Published: 27 January 2005
If private building certifiers thought the leaky homes crisis was bad, the Government gave those who remain in business another kick yesterday.
The Department of Building & Housing issued a statement warning people using private building certifiers to be aware “that certifiers may not have adequate insurance cover against potential claims of negligence, particularly if the certifier does not continue in business.”
Lack of insurance cover â€“ or prohibitive premiums – forced many private certifiers out of business in 2004 as the Government & local councils shunted blame for the leaky homes episode on to the certifiers.
The warning from the department’s building controls general manager, John Ryan, comes during the final stages of a comprehensive review, begun by the former Building Industry Authority, of the indemnity insurance building certifiers are required to have.
The Building Act requires certifiers to carry insurance to cover their liabilities, one form covering negligence claims for 10 years from completion of a job, the other giving customers 10 years’ cover if the certifier goes out of business.
Mr Ryan said because certifiers couldn’t get insurance to cover weathertightness for leaky-building risks, the Building Industry Authority restricted the type of work they could undertake to work they could get insurance cover for.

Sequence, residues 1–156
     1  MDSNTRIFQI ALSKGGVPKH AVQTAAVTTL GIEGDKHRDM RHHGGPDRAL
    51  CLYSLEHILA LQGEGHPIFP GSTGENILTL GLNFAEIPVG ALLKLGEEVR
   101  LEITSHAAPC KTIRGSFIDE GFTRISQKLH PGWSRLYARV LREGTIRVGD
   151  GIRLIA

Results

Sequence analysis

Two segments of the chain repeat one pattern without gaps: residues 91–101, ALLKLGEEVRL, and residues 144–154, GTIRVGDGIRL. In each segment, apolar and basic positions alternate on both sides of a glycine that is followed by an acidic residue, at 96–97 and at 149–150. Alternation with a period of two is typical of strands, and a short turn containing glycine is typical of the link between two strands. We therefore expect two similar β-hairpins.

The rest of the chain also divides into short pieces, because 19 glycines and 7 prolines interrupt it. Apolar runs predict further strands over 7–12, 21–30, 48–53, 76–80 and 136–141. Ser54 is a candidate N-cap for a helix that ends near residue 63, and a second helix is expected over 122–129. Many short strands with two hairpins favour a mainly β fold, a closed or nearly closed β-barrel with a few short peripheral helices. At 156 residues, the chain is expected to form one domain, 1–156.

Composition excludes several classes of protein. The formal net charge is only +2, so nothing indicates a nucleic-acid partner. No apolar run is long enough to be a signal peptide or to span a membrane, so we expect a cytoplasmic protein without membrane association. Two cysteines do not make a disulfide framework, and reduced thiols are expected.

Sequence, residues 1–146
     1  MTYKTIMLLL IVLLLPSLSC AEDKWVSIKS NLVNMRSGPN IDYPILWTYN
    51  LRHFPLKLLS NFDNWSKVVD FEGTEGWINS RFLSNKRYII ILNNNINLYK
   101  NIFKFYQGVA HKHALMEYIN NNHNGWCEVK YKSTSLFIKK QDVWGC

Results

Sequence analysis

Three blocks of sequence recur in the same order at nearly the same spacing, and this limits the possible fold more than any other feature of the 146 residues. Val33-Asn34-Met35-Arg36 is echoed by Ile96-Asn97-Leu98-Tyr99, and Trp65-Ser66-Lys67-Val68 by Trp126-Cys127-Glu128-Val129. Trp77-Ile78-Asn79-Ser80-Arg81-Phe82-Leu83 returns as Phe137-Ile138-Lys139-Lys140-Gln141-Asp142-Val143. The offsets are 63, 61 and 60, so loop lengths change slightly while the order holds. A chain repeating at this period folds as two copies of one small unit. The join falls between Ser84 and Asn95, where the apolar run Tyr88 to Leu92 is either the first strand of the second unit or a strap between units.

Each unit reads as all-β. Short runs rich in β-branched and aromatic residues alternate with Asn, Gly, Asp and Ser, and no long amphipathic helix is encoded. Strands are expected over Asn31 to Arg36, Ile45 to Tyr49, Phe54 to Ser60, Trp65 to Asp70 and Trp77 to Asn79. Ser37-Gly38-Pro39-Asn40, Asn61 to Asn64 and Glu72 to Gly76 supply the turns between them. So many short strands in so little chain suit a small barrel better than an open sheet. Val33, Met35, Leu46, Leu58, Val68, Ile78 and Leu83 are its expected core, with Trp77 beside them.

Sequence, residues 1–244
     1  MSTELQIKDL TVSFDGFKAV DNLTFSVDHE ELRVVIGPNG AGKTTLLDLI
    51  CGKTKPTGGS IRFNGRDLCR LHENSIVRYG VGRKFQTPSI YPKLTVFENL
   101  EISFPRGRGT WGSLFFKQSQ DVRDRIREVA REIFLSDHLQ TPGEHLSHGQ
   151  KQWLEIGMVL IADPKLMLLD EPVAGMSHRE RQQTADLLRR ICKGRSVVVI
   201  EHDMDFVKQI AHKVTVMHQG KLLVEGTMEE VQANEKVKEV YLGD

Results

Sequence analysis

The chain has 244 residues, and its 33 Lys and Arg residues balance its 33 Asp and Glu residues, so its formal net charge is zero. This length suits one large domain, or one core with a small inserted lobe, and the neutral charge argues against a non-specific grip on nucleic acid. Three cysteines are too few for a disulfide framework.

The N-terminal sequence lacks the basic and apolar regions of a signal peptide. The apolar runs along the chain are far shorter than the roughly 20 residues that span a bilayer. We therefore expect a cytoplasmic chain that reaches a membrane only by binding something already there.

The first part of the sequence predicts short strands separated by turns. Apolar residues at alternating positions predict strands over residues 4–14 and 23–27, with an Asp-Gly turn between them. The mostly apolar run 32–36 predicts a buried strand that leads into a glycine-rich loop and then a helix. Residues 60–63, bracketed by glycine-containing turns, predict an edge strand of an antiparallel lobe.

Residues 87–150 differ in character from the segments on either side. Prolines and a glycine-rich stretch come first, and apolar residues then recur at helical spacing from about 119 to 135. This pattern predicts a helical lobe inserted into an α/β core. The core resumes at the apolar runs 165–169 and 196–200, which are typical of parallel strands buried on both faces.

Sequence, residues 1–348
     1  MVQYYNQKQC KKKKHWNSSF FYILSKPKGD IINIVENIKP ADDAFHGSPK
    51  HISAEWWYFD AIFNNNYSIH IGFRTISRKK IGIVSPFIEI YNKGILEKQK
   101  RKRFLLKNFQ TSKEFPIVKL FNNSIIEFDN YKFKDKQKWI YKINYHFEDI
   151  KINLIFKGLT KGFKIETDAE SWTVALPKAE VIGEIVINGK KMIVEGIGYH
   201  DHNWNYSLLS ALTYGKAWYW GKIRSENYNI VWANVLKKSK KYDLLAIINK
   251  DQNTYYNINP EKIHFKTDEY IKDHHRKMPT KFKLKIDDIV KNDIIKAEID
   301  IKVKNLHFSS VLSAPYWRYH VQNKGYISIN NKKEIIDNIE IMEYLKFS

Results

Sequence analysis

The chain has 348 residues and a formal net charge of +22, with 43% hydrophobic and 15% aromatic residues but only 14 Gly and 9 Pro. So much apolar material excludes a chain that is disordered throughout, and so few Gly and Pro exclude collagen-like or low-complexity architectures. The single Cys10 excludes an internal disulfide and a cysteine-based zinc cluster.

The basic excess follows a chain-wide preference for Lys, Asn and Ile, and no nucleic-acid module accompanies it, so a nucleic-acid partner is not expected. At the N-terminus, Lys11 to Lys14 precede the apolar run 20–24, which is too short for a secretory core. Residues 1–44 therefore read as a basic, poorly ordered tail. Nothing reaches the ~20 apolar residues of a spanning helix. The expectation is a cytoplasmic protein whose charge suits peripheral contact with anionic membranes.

The authority then began its formal review.
As a result, the new department has proposed a new specification which it’s consulting certifiers & other interested parties about.
Mr Ryan said a key change in the proposed specification is the requirement for certifiers to buy run-off cover in advance, doing away with the need for a bond.
Without that, certifiers won’t be able to renew their approval to operate as a building certifier.
Mr Ryan said the department expected a new specification to be in place in March after feedback on the proposals is considered.
Other changes include introducing the new Building Act, with requirements for accrediting certifiers & licensing builders.
Mr Ryan said a number of private certifiers were forming subcontract arrangements with councils.
Website: Department of Building & Housing